WASHINGTON — John C. Demers, the head of the Justice Department’s national security division, will step down at the end of next week, according to an email he sent to his staff on Monday. His departure was arranged months ago but comes amid backlash over investigations into leaks of classified information.
Mr. Demers was the longest-serving Senate-confirmed official from the Trump administration to remain at the Justice Department during the Biden presidency.
“You can probably imagine that I’ve stayed much longer than planned, but long ago I told the new folks that when school was out, I was out,” Mr. Demers, who has school-age children, wrote in the email, a copy of which was obtained by The New York Times. “And that’s the end of next week.”
Mark J. Lesko, the acting top federal prosecutor for the Eastern District of New York, will replace Mr. Demers on an interim basis until the division’s new leader is confirmed by the Senate, according to an official familiar with the matter. President Biden has nominated Matthew G. Olsen, an Uber executive who has served in several national security roles in government, to serve as the head of the national security division. His Senate confirmation hearing could take place as soon as next month.
John P. Carlin, the second in command in the deputy attorney general’s office, asked Mr. Demers in April to remain at the department, according to the official. Lisa O. Monaco had just been confirmed as the deputy attorney general, and because it would be months before a new leader for the national security division could be confirmed, Mr. Demers would provide continuity.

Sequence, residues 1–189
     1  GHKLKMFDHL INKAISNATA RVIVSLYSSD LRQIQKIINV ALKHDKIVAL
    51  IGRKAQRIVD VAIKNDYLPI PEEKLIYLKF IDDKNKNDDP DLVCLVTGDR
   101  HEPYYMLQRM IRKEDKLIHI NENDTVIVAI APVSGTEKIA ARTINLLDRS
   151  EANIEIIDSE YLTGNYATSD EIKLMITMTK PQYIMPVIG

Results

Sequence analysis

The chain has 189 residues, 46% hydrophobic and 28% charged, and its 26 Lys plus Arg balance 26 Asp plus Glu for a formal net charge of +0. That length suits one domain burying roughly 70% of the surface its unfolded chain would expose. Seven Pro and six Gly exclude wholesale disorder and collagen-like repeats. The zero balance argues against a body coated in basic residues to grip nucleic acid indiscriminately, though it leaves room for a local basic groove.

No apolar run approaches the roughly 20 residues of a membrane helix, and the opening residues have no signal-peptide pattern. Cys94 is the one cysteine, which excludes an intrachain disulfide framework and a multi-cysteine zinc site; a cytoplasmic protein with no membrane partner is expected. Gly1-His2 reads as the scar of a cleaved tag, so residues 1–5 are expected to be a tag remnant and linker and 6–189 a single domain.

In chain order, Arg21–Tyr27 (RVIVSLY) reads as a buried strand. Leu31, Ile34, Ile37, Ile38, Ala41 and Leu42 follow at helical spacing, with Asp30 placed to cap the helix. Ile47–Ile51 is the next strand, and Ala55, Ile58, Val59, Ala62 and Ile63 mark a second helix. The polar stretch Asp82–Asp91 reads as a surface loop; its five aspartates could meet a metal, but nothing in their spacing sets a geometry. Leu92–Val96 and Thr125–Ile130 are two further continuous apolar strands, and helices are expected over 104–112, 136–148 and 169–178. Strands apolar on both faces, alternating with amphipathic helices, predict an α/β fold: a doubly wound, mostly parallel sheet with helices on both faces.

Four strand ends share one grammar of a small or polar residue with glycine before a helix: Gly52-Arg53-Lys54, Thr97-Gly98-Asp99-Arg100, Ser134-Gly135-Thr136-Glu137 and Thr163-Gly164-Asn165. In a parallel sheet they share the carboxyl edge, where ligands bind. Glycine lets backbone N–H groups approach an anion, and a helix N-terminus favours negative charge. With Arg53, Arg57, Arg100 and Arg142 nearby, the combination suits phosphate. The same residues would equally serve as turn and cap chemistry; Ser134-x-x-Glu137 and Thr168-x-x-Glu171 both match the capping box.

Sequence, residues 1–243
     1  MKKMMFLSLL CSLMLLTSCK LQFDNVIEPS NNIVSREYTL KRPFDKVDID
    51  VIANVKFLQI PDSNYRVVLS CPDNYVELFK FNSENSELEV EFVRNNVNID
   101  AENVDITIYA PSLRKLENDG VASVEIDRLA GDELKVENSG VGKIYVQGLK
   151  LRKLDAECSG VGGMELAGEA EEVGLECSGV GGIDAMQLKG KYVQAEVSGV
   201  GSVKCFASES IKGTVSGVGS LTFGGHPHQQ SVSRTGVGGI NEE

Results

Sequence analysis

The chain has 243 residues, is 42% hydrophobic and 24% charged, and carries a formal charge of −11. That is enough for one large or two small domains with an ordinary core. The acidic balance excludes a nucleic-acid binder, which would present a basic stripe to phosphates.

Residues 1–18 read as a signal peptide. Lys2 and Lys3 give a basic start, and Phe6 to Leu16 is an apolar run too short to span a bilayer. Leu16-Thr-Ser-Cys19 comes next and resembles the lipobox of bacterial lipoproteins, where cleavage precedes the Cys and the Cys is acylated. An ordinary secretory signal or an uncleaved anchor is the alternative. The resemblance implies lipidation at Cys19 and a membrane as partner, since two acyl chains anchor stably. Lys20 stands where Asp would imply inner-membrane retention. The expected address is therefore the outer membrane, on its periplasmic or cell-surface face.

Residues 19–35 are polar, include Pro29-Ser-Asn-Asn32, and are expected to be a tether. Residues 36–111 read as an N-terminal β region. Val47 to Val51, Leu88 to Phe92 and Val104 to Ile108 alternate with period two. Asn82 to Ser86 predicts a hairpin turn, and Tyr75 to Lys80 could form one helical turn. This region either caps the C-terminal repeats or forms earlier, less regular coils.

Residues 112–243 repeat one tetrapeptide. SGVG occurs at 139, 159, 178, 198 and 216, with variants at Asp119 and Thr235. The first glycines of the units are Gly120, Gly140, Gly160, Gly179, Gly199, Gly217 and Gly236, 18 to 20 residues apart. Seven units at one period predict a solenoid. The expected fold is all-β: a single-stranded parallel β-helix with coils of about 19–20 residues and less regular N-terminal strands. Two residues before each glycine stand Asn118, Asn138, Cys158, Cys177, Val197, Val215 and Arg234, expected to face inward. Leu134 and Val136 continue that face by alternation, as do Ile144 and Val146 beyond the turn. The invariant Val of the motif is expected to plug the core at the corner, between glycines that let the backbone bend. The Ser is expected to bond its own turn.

Mr. Demers asked to leave by summer, and the two men eventually agreed that he would stay on through June 25, the official said.
But his departure comes as Democrats and First Amendment advocates have attacked the Justice Department after revelations that prosecutors supervised by Mr. Demers seized the records of reporters from The New York Times, The Washington Post and CNN.
Just before Mr. Demers was confirmed in 2018, those prosecutors also obtained the records of top House Democrats while investigating leaks of classified information. The department’s inspector general announced an investigation on Friday into the matters.
While it is common for the Justice Department to try to find out who shared classified information with the news media, it is highly unusual to secretly gather records of journalists and lawmakers. The prosecutors also prevented the lawyers and executives of The Times and CNN from disclosing that records had been taken, even to their newsroom leaders, another highly aggressive step.
Though such moves require signoff by the attorney general, Mr. Demers and his top counterintelligence deputies would typically be briefed and updated on those efforts.
Much of the spotlight on national security cases during Mr. Demers’s tenure focused instead on the special counsel, Robert S. Mueller III, who ran the Russia…